With the army lists and mission already detailed, the only thing left to tell of the Battle of Tartarus VII is the actual battle report.
I’ve long-since learned that a proper battle report for an Apocalypse game is neigh-impossible to write if you’re actually playing in the game. You’re too busy participating to catch all of the nuance swirling around in the larger battle. And, since we don’t employe a professional reporter for our games, instead I’ve chosen to highlight various parts of the game that were more memorable.
To get up to speed, the teams were as follows:
- Dan’s Imperial Guard
- My Ultramar PDF
- Albert’s Chaos
- Sam’s Adeptus Astartes (& Knights)
- Kurt’s Imperial Guard
- Tim’s Eldar
- Simon’s Chaos
- Mitchell’s Chaos
After teams were chosen, Sam made a command decision that we could not leave the fate of the world to something as random as a die roll for first turn. Instead, he proposed a test of true skill: a breath holding contest. Mitch proudly stepped up to the challenge and the game was afoot!
The gang was largely in stitches throughout the process, and I cracked more than a few jokes (which were apparently funnier to my team-mate than my opponent). I will not own the loss of the “contest of skill” though–that was solely on Sam; however, I do believe this needs to be incorporated as a staple in all future Apoc games.
Shortly thereafter, two friends of mine from Seattle wandered up the driveway…
They’d given nobody any indication that they were going to be in town and, in fact, flew into town that very morning for the sole purpose of hangig out and watching the Apoc game. Sadly, the game was already underway, and neither had brought any models, so there wasn’t really a practical way to work them into the game.
Since neither wanted to take my army, I dusted off a couple of Hierophants and issued one to each of them to use as they saw fit (which worked out well, since both of them prefer Tyranids over other armies). Blaine unofficially joined our side, whereas Jeremy took up the side of the evil.
Honestly, the day and the game became much of a blur after that. Sure, part of that is because I’m trying to recall events from 10 months ago, but there was truly a lot going on. My house became a real hotspot for activity that day. Two friends from out of town made for an enticing reason for all sorts of friends and family to show up. I believe at one point, we had fifteen people at the house–aside from the 8-10 of us that were actually playing the game. Playing host for the game as well as host for the impromptu housing event took a lot out of me.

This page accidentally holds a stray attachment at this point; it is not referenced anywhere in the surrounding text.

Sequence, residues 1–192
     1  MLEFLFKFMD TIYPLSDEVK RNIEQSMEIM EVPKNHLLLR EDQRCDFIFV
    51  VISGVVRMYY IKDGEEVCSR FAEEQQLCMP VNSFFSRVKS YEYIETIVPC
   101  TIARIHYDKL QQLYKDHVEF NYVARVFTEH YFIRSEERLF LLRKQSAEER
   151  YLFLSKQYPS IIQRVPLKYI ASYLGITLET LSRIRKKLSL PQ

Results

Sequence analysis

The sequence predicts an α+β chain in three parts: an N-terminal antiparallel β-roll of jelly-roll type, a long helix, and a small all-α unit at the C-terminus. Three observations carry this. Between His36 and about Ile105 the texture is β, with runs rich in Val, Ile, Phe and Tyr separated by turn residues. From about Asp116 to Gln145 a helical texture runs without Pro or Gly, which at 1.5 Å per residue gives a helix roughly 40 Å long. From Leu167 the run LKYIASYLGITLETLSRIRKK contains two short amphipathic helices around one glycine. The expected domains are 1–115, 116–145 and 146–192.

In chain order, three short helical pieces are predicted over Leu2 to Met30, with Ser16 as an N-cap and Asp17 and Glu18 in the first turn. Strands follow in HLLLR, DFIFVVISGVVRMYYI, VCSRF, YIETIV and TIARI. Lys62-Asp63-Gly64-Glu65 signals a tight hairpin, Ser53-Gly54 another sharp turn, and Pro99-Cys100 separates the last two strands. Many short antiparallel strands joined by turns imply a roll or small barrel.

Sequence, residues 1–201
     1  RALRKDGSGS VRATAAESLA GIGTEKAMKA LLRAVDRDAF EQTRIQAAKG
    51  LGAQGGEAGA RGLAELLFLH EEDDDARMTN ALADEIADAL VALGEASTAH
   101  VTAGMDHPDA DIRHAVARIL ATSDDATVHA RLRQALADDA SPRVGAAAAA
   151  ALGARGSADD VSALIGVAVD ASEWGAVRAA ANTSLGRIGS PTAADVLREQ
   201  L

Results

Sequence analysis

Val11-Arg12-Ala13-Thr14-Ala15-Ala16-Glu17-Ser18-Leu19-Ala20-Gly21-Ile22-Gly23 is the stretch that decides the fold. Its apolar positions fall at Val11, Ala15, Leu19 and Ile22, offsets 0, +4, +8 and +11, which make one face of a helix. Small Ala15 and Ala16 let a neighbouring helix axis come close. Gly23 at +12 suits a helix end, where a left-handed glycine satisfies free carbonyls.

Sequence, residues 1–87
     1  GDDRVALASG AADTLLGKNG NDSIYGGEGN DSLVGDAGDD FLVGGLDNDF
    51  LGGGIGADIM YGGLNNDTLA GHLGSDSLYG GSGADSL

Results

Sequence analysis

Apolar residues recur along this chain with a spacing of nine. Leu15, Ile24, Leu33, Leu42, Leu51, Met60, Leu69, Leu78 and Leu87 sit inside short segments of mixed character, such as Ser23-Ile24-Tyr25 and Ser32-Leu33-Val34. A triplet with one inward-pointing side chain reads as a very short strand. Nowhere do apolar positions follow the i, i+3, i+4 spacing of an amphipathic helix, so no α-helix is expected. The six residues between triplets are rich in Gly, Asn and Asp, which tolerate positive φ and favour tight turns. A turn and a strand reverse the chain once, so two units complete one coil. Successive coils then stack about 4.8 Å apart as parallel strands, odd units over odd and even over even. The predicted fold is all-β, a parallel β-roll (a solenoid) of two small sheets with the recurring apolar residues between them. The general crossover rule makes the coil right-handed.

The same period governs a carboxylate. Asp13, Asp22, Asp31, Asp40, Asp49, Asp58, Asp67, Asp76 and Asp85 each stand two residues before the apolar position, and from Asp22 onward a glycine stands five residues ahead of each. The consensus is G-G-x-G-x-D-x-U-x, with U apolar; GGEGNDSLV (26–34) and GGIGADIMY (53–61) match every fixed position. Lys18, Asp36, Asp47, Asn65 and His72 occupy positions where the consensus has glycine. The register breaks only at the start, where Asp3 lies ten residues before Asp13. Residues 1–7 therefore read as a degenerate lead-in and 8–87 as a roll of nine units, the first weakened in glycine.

It’s been a while since I’ve faced them, and Tim wasn’t playing standard Eldar. He was running some Forgeworld list of Eldar pirates, and everything in the list was complete and utter nonsense.
I’m used to units being overpowered, but his list really did everything and was immune to any sort of damage. He single-handedly destroyed something like four knights durig his first real turn of shooting, and even his petty units would absorb every shot we could pour into them with 2++ invulnerable saves. When we managed to charge them, they had rules that made it so we not only automatically failed our charges, but also got to shoot us an extra time.
On the right-flank, Dan was hammered by a combination of Kurt’s armored company and a couple of Mitchell’s greater demons, and somehow tanked all of that damage and held his own (he didn’t really do much damage himself–despite an amazing amount of firepower–but the fact that he was able to live at all was completely amazing).
On the left-flank, Albert, who is known for being rofl-stomped in APoc games came through as our anchor. Not only did he manage to live, he improbably killed anything and everything in his path.
Any more specific details were lost to the annals of my memory. It was pure carnage and great fun. Tim learned of the relative power level of Apoc armies at our tables (and promised to tone down the crazy for future Apoc games). When the smoke cleared, I recall a complete inability to perform basic math (which seems to have become the norm at these events).
I’m remembering that the math said that we actually won the game, but that doesn’t seem to be what it says. Likewise, I never labeled the scores at the top of the chart, so we have no way of knowing who was ahead. At this point, we have no other course of action than to call it a tie!
See below for more pictures….